Let's count the most appealing aspects of California state government. There are so many.
There is the perennial budget crisis, the antics of some lawmakers and the sway of the moneyed interests, not to mention the fundraising frenzies, the perpetual campaigns and the initiative wars.
Our state government is damaged, and it must be fixed if California is to thrive. That makes all the more troubling the apparent failure of two efforts that held out some promise of some change for the better.
A group called Repair California, backing initiatives calling for a California constitutional convention, has given up placing its measures on the 2010 general election ballot. A second group, California Forward, advocated a more modest overhaul of the state budget system. That, too, is on life-support.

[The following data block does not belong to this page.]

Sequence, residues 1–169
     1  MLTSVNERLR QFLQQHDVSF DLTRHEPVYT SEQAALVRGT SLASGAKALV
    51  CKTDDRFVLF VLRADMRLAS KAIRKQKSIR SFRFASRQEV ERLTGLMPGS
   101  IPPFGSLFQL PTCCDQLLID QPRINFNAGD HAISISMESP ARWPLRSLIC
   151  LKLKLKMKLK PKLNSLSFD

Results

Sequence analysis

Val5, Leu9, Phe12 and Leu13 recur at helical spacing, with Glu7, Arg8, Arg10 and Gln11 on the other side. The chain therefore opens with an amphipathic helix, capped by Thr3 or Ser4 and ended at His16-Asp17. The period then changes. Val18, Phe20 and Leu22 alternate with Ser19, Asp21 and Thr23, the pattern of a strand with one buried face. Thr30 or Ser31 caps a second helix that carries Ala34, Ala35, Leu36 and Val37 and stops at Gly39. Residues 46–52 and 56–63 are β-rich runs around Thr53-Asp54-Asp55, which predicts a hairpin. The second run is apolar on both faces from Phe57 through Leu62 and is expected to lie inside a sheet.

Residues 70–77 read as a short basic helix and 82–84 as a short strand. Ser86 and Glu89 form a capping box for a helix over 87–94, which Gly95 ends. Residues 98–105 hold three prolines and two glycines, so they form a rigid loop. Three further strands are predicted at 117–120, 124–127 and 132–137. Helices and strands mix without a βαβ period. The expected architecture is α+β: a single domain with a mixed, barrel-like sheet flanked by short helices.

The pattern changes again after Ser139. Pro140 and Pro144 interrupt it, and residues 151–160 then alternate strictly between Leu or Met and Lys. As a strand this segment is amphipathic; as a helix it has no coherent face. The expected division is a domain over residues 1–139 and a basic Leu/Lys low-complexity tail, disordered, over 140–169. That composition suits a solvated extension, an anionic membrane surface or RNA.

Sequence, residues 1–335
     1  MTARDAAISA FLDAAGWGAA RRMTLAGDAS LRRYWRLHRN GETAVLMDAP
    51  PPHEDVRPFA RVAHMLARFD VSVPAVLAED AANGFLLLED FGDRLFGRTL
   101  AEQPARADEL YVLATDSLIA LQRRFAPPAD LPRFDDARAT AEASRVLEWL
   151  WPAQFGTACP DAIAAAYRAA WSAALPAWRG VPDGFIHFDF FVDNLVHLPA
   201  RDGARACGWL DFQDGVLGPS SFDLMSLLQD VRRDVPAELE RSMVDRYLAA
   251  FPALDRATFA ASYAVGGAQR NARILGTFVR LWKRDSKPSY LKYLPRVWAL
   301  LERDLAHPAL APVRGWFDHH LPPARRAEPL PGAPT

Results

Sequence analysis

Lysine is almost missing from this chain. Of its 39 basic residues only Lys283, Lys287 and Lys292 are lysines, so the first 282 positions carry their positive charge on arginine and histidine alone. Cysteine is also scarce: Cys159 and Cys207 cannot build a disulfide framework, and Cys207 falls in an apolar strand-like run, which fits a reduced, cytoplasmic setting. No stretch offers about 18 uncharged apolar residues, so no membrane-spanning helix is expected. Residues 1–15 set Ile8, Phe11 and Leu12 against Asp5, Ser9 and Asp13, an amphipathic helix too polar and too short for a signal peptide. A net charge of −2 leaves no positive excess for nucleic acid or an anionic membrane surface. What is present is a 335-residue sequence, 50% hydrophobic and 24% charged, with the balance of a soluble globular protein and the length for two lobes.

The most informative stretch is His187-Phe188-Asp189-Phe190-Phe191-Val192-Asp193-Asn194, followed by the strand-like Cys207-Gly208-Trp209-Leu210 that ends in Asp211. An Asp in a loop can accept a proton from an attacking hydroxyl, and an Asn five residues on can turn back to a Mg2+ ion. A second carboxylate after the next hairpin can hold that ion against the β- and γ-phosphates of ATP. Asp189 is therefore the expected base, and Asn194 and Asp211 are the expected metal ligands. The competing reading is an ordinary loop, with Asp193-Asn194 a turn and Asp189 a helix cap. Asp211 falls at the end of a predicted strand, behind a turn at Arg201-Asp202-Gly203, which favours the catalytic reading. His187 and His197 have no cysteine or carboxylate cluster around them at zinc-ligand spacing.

People involved were well-intentioned and seemingly well-grounded in their understanding of California politics. Certainly, with institutions such as the Bay Area Council and individuals such as former Assembly Speaker Bob Hertzberg involved, there was no lack of statewide campaign experience.
With each passing day, however, chances diminish that either group will be able to raise enough money to gather the millions of signatures needed to place the measures on the November ballot. That doesn't mean that either is dead.
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